Join our newsletter for the latest updates.

Java Exception Handling

In the tutorial, we will learn about different approaches of exception handling in Java with the help of examples.

In the last tutorial, we learned about Java exceptions. We know that exceptions abnormally terminate the execution of a program.

This is why it is important to handle exceptions. Here's a list of different approaches to handle exceptions in Java.

  • try...catch block
  • finally block
  • throw and throws keyword

1. Java try...catch block

To catch and handle an exception, we place the try...catch block around the code that might generate an exception.

Here's the syntax of try...catch block:

try {
  // code
}
catch(Exception e) {
  // code
}

Here, the code that might generate an exception is placed in the try block. Every try block is followed by a catch block.

When an exception occurs, it is caught by the catch block. The catch block cannot be used without the try block.

Example: Exception handling using try...catch

class Main {
  public static void main(String[] args) {

    try {

      // code that generate exception
      int divideByZero = 5 / 0;
      System.out.println("Rest of code in try block");
    }
    
    catch (ArithmeticException e) {
      System.out.println("ArithmeticException => " + e.getMessage());
    }
  }
}

Output

ArithmeticException => / by zero

In the example, we are trying to divide a number by 0. Here, this code generates an exception.

To handle the exception, we have put the code, 5 / 0 inside the try block. Now when an exception occurs, the rest of the code inside the try block is skipped.

The catch block catches the exception and statements inside the catch block is executed.

If none of the statements in the try block generates an exception, the catch block is skipped.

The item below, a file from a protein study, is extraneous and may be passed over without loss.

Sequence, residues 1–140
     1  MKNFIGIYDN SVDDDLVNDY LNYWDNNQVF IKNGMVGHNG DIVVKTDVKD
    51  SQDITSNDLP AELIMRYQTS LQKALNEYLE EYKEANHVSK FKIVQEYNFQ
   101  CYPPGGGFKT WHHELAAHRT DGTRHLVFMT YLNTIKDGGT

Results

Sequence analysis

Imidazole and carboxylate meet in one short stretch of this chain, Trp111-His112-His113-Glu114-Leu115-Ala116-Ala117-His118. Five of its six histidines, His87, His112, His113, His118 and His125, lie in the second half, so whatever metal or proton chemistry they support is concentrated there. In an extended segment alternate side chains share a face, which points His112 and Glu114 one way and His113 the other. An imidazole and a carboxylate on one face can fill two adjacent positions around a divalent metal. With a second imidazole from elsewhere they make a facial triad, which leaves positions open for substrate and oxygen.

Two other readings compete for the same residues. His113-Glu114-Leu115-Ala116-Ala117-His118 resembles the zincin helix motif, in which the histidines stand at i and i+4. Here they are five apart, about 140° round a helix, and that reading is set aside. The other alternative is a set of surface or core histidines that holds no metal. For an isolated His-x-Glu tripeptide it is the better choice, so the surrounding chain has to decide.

To learn more, visit Java try-catch.


2. Java finally block

In Java, the finally block is always executed no matter whether there is an exception or not.

The finally block is optional. And, for each try block, there can be only one finally block.

The basic syntax of finally block is:

try {
  //code
}
catch (ExceptionType1 e1) { 
  // catch block
}
finally {
  // finally block always executes
}

If an exception occurs, the finally block is executed after the try...catch block. Otherwise, it is executed after the try block. For each try block, there can be only one finally block.


Example: Java Exception Handling using finally block

class Main {
  public static void main(String[] args) {
    try {
      // code that generates exception
      int divideByZero = 5 / 0;
    }

    catch (ArithmeticException e) {
      System.out.println("ArithmeticException => " + e.getMessage());
    }
    
    finally {
      System.out.println("This is the finally block");
    }
  }
}

Output

ArithmeticException => / by zero
This is the finally block

In the above example, we are dividing a number by 0 inside the try block. Here, this code generates an ArithmeticException.

The exception is caught by the catch block. And, then the finally block is executed.

Note: It is a good practice to use the finally block. It is because it can include important cleanup codes like,

  • code that might be accidentally skipped by return, continue or break
  • closing a file or connection

3. Java throw and throws keyword

The Java throw keyword is used to explicitly throw a single exception.

When we throw an exception, the flow of the program moves from the try block to the catch block.

Example: Exception handling using Java throw

class Main {
  public static void divideByZero() {

    // throw an exception
    throw new ArithmeticException("Trying to divide by 0");
  }

  public static void main(String[] args) {
    divideByZero();
  }
}

Output

Exception in thread "main" java.lang.ArithmeticException: Trying to divide by 0
        at Main.divideByZero(Main.java:5)
        at Main.main(Main.java:9)

In the above example, we are explicitly throwing the ArithmeticException using the throw keyword.

Similarly, the throws keyword is used to declare the type of exceptions that might occur within the method. It is used in the method declaration.

Example: Java throws keyword

import java.io.*;

class Main {
  // declareing the type of exception
  public static void findFile() throws IOException {

    // code that may generate IOException
    File newFile = new File("test.txt");
    FileInputStream stream = new FileInputStream(newFile);
  }

  public static void main(String[] args) {
    try {
      findFile();
    }
    catch (IOException e) {
      System.out.println(e);
    }
  }
}

Output

java.io.FileNotFoundException: test.txt (The system cannot find the file specified)

When we run this program, if the file test.txt does not exist, FileInputStream throws a FileNotFoundException which extends the IOException class.

The findFile() method specifies that an IOException can be thrown. The main() method calls this method and handles the exception if it is thrown.

If a method does not handle exceptions, the type of exceptions that may occur within it must be specified in the throws clause.

To learn more, visit Java throw and throws.